The leaseholders can take over management of the property without assignment of blame, and generally without requiring a Tribunal hearing. This means:
No more excessive services charges, including over-inflated buildings insurance fees.
No more neglect or, conversely, unwarranted scheduled work.
No more management charges - including additional fees for the collection of ground rent due under the leases.
Exercising Right to Manage will not incur any payment of compensation to the freeholder (although the freeholder is entitled to any costs he has incurred in the Right to Manage legal process).
Property management will be organised under the umbrella of a Right to Manage company. As a leaseholder you are entitled to become a director of the company with equal voting powers to the other leaseholders. The Right to Manage voting system is fair and determined by majority vote.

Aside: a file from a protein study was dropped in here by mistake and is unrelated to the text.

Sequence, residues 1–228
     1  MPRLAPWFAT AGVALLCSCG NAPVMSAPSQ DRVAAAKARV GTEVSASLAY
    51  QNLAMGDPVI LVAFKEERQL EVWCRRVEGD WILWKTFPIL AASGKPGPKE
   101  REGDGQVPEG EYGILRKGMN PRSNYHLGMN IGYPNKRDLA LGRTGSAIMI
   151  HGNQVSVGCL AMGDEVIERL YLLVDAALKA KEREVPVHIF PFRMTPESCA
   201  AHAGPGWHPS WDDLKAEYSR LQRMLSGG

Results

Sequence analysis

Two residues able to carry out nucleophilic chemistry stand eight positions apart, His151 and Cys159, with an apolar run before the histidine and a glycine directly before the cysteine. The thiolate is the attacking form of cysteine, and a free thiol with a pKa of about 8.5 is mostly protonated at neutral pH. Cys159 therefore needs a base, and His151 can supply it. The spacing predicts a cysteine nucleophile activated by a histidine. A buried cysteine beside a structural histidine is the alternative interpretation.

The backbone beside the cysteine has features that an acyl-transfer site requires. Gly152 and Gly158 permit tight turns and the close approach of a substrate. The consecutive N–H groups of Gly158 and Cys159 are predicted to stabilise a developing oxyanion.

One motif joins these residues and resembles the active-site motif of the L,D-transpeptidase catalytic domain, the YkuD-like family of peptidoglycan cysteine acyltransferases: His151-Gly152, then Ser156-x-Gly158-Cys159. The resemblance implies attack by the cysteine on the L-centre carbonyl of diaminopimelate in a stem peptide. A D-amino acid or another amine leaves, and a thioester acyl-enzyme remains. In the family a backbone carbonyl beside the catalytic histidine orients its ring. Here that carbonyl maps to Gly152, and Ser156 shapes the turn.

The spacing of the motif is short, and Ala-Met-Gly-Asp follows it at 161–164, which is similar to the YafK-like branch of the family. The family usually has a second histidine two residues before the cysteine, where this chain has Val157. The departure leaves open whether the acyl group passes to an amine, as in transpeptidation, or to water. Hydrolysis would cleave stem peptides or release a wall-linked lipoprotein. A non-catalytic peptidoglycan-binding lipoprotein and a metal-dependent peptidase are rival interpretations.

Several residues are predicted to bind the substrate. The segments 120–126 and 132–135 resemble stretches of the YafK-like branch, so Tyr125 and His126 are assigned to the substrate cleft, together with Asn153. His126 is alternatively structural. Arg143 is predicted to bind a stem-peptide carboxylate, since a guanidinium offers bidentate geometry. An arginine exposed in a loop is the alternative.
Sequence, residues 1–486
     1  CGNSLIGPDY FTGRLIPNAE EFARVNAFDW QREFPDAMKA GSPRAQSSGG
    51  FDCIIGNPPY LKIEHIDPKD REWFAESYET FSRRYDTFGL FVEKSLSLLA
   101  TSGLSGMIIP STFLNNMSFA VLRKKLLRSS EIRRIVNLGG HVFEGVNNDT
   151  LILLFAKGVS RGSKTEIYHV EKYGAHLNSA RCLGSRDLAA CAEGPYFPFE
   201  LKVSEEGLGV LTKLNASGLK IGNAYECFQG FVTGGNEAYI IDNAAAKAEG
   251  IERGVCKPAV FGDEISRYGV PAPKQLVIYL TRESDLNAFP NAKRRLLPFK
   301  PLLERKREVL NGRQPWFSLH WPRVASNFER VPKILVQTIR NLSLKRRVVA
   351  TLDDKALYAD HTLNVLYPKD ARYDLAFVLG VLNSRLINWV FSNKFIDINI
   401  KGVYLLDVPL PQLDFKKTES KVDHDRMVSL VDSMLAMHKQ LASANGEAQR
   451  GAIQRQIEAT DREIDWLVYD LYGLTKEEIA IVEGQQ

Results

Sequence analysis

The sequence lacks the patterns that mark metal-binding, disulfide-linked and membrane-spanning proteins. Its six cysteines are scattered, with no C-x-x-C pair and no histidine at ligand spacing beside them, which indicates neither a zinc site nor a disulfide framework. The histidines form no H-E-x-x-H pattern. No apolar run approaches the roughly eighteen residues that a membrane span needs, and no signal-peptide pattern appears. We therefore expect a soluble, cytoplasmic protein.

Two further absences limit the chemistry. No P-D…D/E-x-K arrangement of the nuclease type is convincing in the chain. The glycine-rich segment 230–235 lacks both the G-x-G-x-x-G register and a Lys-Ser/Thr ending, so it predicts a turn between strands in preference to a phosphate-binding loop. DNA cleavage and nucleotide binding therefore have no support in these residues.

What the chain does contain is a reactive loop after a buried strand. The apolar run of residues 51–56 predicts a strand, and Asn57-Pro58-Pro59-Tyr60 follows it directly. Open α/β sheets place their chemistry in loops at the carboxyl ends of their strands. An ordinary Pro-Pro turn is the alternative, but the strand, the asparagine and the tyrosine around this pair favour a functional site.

Cons of Right to Manage
You will be responsible for the Freeholder's reasonable professional fees in responding to the Right to Manage company proposal. If these costs are too high, they can be challenged.
Enacting Right to Manage will not circumvent existing service-charge disputes. These will need to be resolved before management responsibility can be transferred - potentialy involving a hearing at the First-tier Tribunal (Property Chamber).
Managerial handover from Freeholder to Right to Manage company may leave a period of uncertainty where works contracts are under way but responsibilities remain unassumed.
Right to Manage companies involve annual reporting and accounting responsibilities. Pro-Leagle offer a company secretarial service to manage these on your behalf.
A cooperative attitude is generally required between the participating leaseholders. Take the self-management test to determine if Right to Manage will be right for you. Alternatively, an independent managing agency may be instructed by the leaseholders.